woRld basebAll softball confeDeration going froM strengtH to strEngth
Earlier this month, GAISF spoke with the World Baseball Softball Confederation (WBSC) President Riccardo Fraccari. Find out why 2017 was a record-breaking year for the WBSC, which nation will be the first to qualify for Tokyo 2020, and learn more about the exciting projects WBSC is engaging with off the field.
The past year was an extraordinary one for the WBSC. Can you tell us a little more about 2017?
It has been a truly spectacular year for us. The World Baseball Classic, WBSC’s highest-level world championship, was the biggest international single-sport event in 2017, with a record-breaking attendance of 1,086,720 – the highest ever for an international baseball tournament. According to TSE’s Consulting Report, last year’s World Baseball Classic helped WBSC and baseball to be named the most engaging sport on Twitter.
In another key metric of growth, a record 24 new countries entered the WBSC Women’s Softball World Rankings.
These important milestones reflect the ambition and strategy of our new vision: to build a billion-strong baseball and softball community over the next decade and grow into a major global and long-term Olympic sport.
What initiatives has your federation launched?
This month we launched baseball’s first-ever urban-street 5×5 discipline: WBSC Baseball5, which aims to bring an attractive, smaller, fast-paced and dynamic variation of the traditional game that can be played almost anywhere, not requiring acres of land, major venue set-up, bats or gloves – just a rubber ball. Other IFs are having great success in expanding the reach of their sports through this ‘urban’ strategy, and we hope to follow their examples.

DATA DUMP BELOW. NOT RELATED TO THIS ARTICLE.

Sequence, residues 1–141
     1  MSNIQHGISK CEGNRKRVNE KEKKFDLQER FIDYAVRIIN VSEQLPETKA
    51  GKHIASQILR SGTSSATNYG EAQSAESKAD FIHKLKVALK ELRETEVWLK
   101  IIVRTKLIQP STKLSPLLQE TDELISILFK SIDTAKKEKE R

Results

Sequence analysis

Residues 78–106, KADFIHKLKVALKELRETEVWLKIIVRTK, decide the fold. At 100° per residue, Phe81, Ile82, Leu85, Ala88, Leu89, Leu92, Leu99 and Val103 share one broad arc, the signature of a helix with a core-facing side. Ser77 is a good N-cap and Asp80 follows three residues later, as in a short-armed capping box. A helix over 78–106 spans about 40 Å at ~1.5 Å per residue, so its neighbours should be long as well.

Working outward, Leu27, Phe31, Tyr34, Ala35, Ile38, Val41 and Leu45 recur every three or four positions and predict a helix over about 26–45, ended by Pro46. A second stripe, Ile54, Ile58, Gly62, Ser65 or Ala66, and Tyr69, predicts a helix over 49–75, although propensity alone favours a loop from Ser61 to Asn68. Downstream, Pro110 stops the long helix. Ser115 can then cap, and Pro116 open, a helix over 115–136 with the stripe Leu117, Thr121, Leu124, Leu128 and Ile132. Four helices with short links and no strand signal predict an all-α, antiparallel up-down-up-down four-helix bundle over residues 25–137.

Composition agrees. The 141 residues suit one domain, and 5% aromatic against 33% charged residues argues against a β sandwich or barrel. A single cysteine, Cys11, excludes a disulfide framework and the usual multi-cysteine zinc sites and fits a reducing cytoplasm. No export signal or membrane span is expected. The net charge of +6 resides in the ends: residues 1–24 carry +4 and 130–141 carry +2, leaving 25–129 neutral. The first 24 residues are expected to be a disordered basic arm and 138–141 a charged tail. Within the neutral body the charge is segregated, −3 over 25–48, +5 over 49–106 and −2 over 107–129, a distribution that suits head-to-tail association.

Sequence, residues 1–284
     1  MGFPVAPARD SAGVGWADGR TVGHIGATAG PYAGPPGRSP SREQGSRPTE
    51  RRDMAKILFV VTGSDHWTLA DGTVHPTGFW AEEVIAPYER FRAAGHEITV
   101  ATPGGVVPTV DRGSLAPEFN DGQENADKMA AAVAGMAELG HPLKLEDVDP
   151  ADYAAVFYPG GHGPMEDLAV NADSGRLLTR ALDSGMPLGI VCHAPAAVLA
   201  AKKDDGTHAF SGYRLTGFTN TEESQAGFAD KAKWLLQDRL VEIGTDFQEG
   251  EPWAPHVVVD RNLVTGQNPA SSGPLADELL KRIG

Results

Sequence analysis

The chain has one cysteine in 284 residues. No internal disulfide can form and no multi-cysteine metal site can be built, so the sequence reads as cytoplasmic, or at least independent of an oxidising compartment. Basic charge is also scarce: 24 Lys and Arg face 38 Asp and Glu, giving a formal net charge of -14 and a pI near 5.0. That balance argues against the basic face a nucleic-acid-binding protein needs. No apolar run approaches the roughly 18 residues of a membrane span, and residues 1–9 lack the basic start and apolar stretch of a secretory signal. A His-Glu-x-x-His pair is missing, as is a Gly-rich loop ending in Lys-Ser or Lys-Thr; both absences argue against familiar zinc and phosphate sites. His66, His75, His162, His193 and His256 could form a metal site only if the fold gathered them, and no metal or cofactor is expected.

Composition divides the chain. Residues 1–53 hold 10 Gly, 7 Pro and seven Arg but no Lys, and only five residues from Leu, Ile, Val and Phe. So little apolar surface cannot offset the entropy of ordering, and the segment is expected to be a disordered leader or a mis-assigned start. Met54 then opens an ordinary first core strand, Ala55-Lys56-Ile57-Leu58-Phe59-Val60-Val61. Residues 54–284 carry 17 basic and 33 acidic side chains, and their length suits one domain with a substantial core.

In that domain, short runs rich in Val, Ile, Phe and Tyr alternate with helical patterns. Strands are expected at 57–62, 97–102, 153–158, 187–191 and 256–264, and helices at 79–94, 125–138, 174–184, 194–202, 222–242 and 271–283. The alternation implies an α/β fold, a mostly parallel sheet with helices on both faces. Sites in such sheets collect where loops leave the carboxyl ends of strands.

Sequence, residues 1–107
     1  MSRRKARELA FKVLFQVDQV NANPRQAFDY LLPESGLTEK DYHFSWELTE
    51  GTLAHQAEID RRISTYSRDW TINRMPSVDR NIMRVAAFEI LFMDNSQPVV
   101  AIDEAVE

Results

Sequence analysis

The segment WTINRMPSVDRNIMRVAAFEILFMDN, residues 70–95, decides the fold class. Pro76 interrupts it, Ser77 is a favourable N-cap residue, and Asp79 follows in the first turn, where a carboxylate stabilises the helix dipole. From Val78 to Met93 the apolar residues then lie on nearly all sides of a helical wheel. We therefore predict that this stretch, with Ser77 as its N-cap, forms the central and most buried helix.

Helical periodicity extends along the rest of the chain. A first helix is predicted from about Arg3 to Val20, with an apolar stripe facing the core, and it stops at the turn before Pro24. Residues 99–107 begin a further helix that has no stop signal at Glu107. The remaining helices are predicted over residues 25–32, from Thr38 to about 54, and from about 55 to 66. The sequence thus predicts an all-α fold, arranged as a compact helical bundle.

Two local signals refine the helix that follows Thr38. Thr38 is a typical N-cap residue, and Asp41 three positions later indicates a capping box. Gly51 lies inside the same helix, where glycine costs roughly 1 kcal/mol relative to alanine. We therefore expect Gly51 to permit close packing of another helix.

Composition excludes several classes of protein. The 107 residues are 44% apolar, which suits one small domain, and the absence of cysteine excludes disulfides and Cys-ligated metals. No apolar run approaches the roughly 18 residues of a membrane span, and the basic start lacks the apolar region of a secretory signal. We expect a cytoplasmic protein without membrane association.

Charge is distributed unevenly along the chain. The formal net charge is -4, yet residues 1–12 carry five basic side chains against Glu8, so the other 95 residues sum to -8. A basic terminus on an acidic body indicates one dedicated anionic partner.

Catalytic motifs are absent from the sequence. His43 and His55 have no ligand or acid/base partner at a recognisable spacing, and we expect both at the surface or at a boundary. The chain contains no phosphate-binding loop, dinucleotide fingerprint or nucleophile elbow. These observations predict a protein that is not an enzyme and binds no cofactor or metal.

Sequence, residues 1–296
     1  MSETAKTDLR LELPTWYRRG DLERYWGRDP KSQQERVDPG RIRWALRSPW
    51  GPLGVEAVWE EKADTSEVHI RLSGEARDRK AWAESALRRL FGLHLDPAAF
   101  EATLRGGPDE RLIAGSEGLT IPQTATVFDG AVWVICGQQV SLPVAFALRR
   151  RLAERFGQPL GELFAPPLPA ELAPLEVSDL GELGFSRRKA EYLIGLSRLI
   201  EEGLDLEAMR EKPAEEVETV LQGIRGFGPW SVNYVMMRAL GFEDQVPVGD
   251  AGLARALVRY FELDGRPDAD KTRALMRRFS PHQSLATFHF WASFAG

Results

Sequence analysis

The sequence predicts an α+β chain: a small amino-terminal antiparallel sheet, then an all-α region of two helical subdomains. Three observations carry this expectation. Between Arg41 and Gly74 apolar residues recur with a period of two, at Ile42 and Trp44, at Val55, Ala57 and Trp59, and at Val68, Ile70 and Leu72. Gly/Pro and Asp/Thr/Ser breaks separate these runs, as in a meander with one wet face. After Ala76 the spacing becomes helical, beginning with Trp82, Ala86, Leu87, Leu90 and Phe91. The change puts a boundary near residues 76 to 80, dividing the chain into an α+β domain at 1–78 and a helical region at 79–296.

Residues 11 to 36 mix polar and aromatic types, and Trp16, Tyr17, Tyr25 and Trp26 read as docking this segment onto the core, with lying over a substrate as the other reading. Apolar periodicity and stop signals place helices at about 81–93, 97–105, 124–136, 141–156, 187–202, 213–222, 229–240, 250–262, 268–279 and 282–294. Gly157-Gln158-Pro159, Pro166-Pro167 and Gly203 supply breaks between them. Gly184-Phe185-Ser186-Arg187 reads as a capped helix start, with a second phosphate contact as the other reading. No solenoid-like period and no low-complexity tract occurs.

As well as Baseball5, we have also introduced WBSC Mini Baseball Softball; a small, safe and fun version of the game, intended to be used to develop basic skills for boys and girls aged 6-10 years old. The ball is soft and hitters use a batting-tee, while the rest of the kit is lightweight and the field-of-play is easy to lay out.
The WBSC Youth Commission, which came into action in 2017, aims to leverage the popularity of baseball/softball among youth, in conjunction with our target to grow the WBSC family. The Youth Commission will connect with future generations of athletes and help to strengthen the sport in both traditional and new territories.
One of these new territories is Africa, and last year we held the first WBSC African Summit 2017, to review and best harness baseball and softball’s increasing participation rates and popularity across the African continent. Baseball5 was launched in Burundi last August, and in October we held our Congress in Botswana.
It has been a very busy time for the WBSC but we are excited for the future of our sport!
Which events are you looking forward to in 2018?
There is much to look forward to over the next few years, and I am excited to share our latest innovations with the baseball softball family. We have a number of elite tournaments throughout 2018, including the Women’s Softball World Championship, which will take place this year in Chiba, Japan. The winning nation will be the first to secure its place at the Tokyo 2020 Olympic Games.
We also have the Youth U-15 Baseball World Cup Panama City 2018 with a new, shortened 7-inning format, the U-23 Baseball World Cup Managua 2018, which will take place in Nicaragua’s new national stadium, and we shall be introducing 5×5 Baseball5 at the Youth Olympic Games in Buenos Aires.
How is your federation looking to advance in 2018?
Our main aim is to push for baseball and softball to be included on the Paris 2024 Olympic programme. We also want to get men’s softball and women’s baseball at the 2021 World Games in Birmingham, Alabama, USA, as well as the continued promotion of street 5×5 Baseball5.
Off the field, humanitarian projects are incredibly important and we have recently announced our official charity partnership with Play for Change, enabling more children around the world to benefit from PFC’s sports programmes and improving health, education and employment opportunities. Furthermore, we are looking into the possibility of a joint project with the United Nations High Commissioner for Refugees (UNHCR) and the recently funded IOC Refugee Foundation. Utilising the sport for improving societies is among the primary duties and responsibilities of international federations. This is something we are passionate about and will look to harness the power of sport to reduce the inequality seen across the world.